The property was bought by Sir Winston Churchill for its magnificent views over the Weald of Kent. Chartwell was his home and the place from which he drew inspiration from 1924 until the end of his life. Lord Camrose formed a consortium of wealthy businessmen to purchased the estate in 1946 when it became clear that the Churchills could no longer afford to run the property. The agreement was that both Sir Winston and Lady Churchill could rent the property for a nominal amount and that they would have the right to live there until they both died, at which point the property would be presented to the National Trust. When Sir Winston died in 1965, Clementine decided to present Chartwell to the National Trust immediately.
The house has been preserved as it would have looked when Churchill owned it. The house is Grade I listed for historical reasons.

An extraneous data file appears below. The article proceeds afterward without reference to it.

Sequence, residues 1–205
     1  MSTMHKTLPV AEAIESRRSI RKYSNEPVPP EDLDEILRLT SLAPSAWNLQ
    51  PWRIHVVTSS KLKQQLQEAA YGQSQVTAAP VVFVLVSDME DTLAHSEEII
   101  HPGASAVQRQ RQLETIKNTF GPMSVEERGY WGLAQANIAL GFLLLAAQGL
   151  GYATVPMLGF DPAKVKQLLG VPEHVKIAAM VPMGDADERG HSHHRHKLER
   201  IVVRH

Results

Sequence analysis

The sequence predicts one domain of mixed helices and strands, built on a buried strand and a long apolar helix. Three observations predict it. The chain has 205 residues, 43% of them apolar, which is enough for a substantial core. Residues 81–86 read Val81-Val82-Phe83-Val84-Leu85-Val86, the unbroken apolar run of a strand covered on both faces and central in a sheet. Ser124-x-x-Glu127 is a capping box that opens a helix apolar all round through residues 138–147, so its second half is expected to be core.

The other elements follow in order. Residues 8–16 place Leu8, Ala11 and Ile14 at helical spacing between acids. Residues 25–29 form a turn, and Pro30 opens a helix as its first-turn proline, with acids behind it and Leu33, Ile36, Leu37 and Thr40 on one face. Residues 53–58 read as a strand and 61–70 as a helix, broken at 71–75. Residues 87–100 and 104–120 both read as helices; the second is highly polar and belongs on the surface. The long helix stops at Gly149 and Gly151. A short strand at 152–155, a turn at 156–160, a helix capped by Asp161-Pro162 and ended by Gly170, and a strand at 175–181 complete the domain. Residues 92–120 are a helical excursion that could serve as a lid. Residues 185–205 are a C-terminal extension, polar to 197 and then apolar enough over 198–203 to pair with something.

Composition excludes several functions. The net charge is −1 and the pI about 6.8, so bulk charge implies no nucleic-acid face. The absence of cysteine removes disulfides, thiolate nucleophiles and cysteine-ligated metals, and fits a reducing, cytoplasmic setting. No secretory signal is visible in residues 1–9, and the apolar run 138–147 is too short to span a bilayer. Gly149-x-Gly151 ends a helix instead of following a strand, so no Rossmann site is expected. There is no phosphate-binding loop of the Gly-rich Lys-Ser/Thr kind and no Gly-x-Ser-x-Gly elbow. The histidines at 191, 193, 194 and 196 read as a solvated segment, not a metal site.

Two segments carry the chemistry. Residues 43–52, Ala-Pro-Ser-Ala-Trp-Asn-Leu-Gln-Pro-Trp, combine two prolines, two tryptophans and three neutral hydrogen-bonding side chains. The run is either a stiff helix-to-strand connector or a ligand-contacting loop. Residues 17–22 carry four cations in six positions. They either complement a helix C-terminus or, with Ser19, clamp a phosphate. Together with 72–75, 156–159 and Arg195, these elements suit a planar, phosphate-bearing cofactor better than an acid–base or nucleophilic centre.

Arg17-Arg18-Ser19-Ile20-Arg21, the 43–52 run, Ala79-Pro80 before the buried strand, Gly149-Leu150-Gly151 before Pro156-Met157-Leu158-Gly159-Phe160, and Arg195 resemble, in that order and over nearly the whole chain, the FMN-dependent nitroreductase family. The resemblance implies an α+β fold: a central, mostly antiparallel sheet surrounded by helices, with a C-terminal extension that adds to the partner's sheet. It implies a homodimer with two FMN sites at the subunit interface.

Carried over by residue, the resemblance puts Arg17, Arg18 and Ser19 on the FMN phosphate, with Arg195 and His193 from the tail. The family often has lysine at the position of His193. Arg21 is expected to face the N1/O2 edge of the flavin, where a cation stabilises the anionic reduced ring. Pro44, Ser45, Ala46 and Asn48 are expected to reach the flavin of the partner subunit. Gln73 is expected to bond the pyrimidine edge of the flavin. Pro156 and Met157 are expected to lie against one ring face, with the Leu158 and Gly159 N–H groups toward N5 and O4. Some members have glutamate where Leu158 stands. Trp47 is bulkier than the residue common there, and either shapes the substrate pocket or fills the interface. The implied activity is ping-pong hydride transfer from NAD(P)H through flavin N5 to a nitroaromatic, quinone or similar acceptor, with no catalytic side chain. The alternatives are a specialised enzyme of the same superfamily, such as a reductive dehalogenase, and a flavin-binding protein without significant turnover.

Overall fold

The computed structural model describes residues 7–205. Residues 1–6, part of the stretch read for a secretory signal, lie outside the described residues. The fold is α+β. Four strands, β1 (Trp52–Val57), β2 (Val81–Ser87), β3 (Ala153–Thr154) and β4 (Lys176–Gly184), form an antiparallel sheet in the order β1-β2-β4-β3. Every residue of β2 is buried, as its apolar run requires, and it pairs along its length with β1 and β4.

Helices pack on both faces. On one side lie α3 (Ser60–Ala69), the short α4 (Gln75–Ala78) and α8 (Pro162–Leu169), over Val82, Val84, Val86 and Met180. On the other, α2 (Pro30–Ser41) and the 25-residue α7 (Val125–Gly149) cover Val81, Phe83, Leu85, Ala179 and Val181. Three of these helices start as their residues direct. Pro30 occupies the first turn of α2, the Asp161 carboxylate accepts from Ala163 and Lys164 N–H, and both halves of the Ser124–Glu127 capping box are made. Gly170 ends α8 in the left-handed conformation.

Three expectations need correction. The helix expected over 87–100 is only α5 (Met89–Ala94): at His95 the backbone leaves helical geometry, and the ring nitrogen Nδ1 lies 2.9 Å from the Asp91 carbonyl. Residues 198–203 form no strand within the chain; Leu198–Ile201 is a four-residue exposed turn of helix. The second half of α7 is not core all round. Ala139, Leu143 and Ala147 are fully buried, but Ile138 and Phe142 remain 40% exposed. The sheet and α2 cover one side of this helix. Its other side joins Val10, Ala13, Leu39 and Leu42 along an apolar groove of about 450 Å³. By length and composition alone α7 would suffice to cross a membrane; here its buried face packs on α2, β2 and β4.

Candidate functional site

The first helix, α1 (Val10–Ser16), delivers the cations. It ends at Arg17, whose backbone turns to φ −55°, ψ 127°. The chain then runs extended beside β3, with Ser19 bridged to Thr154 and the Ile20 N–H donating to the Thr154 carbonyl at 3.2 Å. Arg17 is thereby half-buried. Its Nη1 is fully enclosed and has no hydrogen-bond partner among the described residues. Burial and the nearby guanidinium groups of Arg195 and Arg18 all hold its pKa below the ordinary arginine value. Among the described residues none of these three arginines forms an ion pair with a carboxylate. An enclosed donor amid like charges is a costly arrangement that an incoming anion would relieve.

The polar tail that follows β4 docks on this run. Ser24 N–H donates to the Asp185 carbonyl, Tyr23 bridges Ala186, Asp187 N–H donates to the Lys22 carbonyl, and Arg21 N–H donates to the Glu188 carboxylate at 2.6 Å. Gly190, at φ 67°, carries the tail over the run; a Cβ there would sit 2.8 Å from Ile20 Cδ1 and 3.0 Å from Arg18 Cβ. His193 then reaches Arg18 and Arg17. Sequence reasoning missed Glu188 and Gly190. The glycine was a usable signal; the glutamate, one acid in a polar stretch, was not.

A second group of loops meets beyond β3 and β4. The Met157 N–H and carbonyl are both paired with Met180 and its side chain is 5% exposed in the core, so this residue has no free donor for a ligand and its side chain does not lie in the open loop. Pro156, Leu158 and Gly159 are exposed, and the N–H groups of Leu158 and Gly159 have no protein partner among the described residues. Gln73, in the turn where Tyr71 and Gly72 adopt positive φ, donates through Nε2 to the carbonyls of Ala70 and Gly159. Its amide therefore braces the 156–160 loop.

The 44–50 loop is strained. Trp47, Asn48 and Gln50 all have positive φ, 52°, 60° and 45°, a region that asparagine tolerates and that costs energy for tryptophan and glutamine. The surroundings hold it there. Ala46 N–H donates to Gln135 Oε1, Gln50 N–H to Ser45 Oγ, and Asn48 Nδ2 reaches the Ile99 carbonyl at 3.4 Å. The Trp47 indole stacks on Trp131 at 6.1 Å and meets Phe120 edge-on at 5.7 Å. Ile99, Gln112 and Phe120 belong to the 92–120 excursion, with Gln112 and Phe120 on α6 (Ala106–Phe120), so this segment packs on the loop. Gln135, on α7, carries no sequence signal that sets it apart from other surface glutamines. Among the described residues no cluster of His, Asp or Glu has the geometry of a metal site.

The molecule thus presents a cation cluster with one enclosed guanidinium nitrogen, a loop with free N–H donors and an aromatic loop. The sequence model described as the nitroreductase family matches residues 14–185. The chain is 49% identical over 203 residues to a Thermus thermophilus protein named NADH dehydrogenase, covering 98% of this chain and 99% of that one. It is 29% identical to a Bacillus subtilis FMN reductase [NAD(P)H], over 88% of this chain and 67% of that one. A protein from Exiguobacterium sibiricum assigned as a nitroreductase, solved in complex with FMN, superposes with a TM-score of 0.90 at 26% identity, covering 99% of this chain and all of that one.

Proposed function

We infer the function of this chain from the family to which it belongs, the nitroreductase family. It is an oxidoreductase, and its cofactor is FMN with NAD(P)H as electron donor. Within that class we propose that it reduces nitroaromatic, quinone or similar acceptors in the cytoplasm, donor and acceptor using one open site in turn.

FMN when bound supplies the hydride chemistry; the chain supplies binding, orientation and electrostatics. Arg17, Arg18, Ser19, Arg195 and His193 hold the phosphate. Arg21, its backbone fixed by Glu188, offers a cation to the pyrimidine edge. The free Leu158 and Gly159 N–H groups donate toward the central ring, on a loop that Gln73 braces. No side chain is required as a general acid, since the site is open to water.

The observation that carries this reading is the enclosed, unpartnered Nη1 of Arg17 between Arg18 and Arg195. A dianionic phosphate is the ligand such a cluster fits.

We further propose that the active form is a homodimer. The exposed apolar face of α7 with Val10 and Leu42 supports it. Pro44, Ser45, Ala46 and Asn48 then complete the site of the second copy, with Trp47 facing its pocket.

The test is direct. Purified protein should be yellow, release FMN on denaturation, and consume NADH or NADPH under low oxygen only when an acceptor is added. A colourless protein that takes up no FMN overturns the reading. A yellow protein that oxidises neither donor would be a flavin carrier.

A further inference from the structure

The gardens at Chartwell was designed by Sir Winston and Lady Churchill, with the Malborough Pavilion designed by Philip Tilden. The style is Arts and Crafts, with a grass terrace in front of the house, a walled garden to one side and an ‘informal’ area on the other.
The gardens are listed Grade II. Sir Winston Churchill’s loved his garden and spent many happy hours in it; just above one of the ponds is a chair where he use to sit feeding the fish. At the bottom of the Kitchen Garden, nestled against the wall famously built by Churchill, stands the Marycot. This miniature little house was built for Mary Churchill, the youngest of Sir Winston’s children. The little red brick playhouse has a real fireplace, bay window, and miniaturised furniture, all perfectly scaled. A dream for any little girl!
Sir Winston was passionate about Chartwell; he built the garden walls, the ponds and pools, and both Sarah and Mary assisted him in his bricklaying labours. The legacy left behind is quite romantic and charming.
If you are on your way to Sissinghurst Castle, pop into Chartwell, it is well worth the visit.